Monday, 24 October 2011

Life in Lithuania II

There's a lot of talk about education reform in Lithuania now.  Various ideas have been put forward.   The current Minister of Education and Science says that a lot has been accomplished.  Others say that very little of substance has been accomplished.  One idea that is often mentioned is reducing the number of post-secondary institutions.

I have to say that I can't get very interested in the discussion.  Perhaps something such as what is mentioned in the preceding paragraph needs to be done.  I'm more interested in the view that I receive of post-secondary education however.

Did you know that if you are a university student and your mother is a member of the Lithuanian parliament, you will be able to regularly drink coffee with the dean of the Faculty of Medicine and get passing grades no matter how little you do or how poor the quality of your work is?  Did you know that if your father is a professor in the Faculty of Medicine and you are not passing an introductory class in that faculty, you can transfer to another introductory class where the teacher is more easily persuaded to give a passing grade?  Did you know that the Lithuanian doctor who could now be treating you or a loved one (or making medical policy as a member of the government) may not have passed one class without cheating?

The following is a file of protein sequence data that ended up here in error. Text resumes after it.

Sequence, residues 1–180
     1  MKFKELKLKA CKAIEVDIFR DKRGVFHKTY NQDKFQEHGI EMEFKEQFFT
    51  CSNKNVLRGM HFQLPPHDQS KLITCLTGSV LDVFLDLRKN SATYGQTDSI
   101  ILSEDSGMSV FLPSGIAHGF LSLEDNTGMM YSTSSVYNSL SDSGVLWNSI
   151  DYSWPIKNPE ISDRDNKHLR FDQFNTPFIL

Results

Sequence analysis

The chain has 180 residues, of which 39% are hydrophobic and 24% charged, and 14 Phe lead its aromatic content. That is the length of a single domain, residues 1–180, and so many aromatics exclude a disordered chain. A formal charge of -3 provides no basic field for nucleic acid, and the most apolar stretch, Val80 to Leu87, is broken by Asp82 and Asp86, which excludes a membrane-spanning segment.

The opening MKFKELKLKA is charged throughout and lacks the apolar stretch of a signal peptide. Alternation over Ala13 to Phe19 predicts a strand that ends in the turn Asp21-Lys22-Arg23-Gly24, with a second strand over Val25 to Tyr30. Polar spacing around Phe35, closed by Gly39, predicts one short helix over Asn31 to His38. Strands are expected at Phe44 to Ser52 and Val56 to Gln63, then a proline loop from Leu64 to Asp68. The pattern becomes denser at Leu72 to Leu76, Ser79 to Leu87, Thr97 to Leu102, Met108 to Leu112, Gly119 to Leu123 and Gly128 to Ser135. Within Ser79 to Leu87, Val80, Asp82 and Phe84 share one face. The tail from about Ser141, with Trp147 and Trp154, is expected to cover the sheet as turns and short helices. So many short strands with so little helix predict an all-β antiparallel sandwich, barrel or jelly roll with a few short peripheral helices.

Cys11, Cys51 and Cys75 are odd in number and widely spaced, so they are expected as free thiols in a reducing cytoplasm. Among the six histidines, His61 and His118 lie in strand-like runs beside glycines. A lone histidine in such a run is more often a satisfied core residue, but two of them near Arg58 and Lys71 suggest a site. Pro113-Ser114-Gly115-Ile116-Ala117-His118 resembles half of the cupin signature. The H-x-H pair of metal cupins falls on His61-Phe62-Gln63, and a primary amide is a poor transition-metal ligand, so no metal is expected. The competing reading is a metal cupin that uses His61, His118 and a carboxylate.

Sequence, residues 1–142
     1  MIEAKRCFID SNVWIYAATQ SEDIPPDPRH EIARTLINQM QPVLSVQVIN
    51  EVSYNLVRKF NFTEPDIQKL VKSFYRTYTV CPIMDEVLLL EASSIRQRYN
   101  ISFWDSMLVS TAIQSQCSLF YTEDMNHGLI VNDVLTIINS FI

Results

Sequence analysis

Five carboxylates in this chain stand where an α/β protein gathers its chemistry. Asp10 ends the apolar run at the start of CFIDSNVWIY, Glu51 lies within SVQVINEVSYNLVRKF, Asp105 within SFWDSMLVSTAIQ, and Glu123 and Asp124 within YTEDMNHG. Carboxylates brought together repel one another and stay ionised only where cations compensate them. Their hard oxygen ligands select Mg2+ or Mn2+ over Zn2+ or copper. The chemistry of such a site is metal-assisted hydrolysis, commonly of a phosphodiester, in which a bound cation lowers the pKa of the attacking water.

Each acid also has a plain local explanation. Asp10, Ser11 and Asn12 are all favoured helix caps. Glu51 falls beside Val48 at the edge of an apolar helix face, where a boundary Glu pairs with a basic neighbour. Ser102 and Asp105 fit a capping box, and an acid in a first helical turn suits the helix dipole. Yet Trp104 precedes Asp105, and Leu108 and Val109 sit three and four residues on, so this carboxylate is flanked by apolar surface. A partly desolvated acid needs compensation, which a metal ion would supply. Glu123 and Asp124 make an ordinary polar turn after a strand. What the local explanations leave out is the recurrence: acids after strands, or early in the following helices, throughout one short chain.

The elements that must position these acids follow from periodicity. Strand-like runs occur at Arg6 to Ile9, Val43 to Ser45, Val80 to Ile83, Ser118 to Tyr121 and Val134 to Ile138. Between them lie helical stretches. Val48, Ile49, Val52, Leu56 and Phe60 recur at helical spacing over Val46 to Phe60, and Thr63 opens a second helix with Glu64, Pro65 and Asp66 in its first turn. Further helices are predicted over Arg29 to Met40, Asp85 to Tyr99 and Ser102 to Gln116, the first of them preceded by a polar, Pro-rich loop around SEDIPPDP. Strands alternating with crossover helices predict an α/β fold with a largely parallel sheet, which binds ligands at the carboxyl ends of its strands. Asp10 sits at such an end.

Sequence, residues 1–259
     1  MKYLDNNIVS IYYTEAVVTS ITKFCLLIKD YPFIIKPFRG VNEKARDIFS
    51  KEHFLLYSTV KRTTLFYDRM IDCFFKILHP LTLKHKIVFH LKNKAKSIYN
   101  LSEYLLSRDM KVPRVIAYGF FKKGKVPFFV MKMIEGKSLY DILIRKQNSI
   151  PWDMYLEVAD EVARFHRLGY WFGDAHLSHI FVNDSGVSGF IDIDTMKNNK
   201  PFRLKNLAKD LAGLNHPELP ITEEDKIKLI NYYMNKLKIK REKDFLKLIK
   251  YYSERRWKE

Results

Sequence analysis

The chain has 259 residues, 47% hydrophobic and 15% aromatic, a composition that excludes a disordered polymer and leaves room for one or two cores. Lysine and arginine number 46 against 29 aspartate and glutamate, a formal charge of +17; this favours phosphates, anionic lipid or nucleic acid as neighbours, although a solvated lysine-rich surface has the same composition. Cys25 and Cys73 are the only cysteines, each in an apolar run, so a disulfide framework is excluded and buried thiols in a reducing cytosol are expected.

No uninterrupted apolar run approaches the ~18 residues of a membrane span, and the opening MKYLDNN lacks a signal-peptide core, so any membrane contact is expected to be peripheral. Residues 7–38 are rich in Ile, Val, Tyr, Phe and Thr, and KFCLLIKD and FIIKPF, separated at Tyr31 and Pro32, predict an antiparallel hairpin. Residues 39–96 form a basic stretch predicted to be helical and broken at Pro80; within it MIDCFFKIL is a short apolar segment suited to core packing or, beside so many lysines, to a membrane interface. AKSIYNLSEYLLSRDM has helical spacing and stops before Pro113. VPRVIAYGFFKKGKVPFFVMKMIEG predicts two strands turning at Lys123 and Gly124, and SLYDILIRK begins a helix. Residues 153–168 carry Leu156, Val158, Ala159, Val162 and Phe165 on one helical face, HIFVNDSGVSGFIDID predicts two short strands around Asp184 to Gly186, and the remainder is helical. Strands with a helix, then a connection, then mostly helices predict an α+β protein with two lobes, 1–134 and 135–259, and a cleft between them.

That's just a glimpse of the view I have of Lithuanian post-secondary education.  It's the same problem that can be found in much of Lithuanian society: lack of moral/ethical standards by a large percentage of people and plenty who feel that such a situation is none of their business or don't care to get involved.  Oh, there are a few, a very small minority (by my calculations), who would like to do something, but they are so afraid that they rarely raise their voices.  Those who do make waves often have their careers derailed by both the guilty parties and the many who hold the idea that conformity is sacred and the whistle-blowers are the real criminals.  As in many other parts of the world, these same people hide behind patriotism and church/family/loyalty to superiors/etc.

So, yeah, education reform in Lithuania:  I just don't think that anything meaningful is really going to happen.  Those rotten parts of the system are encouraging more rot by helping put their children and other family members into positions of authority.  And that problem is one that I haven't seen anyone in Lithuania address seriously in the 16 years I've been here.

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